• Aug 01, 2011 @ 10:42am

    Re: Bandwidth caps anyone?

    this for sure, and what about the fact that Netflix is essentially handing Hollywood its balls?

    The more Netflix goes away from discs, the more Hollywood gets to dictate the licensing terms for Netflix content.

    We've already seen that they really don't have any interest in the success of Netflix and actually see themselves as benefiting from its demise. This is not a partner you want.

  • Feb 10, 2011 @ 08:33am

    Re: Karaoke for non-vocalists

    I also think there was the added negative that since the licensing costs were so much, somehow the game execs became convinced that licensing different music was the key to making future games successful.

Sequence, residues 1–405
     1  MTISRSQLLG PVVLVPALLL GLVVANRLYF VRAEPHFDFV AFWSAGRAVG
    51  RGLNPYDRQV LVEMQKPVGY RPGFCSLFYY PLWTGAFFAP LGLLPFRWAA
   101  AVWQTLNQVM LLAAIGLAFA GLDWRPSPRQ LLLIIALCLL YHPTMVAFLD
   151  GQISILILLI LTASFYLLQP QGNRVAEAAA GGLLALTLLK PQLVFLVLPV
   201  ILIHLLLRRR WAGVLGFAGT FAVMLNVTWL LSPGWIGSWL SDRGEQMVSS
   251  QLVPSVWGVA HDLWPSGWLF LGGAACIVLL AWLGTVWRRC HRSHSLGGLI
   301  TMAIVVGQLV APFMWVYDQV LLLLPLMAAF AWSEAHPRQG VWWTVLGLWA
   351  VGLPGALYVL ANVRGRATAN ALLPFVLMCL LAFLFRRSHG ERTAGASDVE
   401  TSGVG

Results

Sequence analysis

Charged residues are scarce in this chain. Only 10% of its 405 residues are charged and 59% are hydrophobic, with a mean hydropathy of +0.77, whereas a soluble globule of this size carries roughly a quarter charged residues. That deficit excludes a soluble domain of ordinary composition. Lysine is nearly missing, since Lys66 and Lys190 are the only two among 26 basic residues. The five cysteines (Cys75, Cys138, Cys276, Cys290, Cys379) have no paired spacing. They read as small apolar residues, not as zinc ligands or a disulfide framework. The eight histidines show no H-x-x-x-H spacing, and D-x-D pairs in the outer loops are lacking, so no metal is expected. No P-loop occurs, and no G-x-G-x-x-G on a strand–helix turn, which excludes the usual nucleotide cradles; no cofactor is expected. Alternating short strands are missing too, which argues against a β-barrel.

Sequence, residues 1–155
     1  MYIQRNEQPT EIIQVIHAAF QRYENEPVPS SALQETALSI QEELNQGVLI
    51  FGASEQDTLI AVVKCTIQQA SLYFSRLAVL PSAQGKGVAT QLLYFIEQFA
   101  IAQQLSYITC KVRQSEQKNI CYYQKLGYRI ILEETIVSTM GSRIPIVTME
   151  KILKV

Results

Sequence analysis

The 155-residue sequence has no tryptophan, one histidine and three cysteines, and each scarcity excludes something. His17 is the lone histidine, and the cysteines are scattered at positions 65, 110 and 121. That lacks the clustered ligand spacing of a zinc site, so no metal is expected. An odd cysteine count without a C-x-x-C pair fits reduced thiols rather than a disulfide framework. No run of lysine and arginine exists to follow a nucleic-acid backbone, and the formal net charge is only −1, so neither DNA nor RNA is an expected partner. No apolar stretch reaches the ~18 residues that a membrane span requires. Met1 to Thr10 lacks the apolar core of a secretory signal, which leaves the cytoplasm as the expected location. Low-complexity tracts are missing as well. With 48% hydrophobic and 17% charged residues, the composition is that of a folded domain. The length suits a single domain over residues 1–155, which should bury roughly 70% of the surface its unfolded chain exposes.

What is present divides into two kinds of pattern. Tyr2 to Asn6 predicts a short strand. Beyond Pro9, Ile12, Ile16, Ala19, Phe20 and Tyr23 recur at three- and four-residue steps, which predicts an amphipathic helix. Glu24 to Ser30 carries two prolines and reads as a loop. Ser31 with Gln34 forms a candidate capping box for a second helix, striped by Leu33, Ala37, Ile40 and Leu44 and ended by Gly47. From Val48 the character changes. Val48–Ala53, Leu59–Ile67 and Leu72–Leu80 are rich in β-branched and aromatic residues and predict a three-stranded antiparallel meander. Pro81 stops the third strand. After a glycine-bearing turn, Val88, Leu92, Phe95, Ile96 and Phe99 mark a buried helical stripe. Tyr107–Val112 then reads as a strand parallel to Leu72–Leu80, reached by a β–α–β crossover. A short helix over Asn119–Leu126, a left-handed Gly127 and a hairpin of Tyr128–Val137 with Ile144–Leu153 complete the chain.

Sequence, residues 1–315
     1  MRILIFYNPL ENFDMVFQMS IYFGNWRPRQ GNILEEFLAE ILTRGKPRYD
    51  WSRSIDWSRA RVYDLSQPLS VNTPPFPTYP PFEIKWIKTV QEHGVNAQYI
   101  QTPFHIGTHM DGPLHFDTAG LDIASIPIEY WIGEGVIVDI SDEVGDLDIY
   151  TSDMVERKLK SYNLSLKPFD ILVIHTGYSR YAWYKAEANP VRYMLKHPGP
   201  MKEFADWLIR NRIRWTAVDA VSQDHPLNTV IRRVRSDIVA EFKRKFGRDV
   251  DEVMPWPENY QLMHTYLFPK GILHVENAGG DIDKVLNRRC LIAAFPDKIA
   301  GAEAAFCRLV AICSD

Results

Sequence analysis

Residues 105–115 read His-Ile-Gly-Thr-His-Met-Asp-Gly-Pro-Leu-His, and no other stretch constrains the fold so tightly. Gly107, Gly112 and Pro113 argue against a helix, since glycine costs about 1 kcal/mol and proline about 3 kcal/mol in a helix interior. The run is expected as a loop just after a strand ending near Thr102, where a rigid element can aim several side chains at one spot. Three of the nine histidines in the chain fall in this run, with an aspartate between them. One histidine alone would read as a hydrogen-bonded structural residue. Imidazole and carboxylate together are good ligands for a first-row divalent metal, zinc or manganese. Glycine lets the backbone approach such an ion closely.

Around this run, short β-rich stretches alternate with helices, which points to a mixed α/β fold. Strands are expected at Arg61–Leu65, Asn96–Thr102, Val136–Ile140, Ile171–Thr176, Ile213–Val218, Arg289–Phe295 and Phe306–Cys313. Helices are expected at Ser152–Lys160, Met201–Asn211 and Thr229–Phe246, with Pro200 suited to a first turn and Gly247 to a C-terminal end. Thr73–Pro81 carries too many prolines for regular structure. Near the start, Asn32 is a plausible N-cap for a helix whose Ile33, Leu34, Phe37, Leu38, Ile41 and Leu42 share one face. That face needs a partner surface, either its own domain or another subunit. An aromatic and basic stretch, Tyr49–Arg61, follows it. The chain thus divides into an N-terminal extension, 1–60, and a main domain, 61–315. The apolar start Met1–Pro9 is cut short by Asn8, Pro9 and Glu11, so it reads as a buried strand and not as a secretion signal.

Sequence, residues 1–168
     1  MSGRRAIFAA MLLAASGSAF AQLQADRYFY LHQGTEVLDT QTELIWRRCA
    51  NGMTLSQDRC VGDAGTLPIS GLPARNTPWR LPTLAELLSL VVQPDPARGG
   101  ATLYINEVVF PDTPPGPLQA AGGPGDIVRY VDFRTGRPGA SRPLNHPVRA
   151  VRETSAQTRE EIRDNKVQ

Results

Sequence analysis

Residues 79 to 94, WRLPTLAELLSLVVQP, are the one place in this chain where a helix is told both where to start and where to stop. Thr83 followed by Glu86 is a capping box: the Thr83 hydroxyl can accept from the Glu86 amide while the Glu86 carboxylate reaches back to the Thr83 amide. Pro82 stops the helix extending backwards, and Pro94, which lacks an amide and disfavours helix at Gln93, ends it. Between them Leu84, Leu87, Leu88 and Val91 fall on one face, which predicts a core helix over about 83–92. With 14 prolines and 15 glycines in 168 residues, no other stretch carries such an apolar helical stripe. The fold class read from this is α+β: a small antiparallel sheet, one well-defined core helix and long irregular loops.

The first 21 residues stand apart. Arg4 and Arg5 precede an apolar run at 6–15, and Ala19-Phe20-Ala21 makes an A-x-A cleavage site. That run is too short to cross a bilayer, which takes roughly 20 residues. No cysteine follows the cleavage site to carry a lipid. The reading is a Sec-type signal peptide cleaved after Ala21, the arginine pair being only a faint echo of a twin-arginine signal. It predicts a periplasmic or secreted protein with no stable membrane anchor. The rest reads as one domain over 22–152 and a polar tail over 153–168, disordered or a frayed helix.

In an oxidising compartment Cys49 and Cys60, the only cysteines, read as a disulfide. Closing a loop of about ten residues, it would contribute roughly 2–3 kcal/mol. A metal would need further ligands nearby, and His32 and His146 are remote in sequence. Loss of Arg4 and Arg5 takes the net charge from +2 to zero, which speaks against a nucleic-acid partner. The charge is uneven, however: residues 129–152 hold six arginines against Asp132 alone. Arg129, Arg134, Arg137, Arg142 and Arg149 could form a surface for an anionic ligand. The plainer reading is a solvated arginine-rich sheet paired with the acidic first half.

Realistically, that's a low energy way to make a "new" game and thanks to cognitive dissonance, execs couldn't help but figure the new music would make the games sell like hotcakes.

    Without all the music industries jedi mind tricks, the execs wouldn't have lost sight of the need to innovate.

  • Dec 13, 2010 @ 12:04pm

    Re: Re: Re: Re: Correct me if I'm wrong...

    try reading his statement carefully and you will see that you are mistaken.

  • Apr 07, 2010 @ 08:05am

    mobile ads

    The article I read (http://news.cnet.com/8301-1023_3-20001905-93.html) seemed to be pointing to a potential conflict. The article suggests that Google will be happy to have Apple in the mobile advertising market, but friendly rivals today often turn into bitter enemies tomorrow...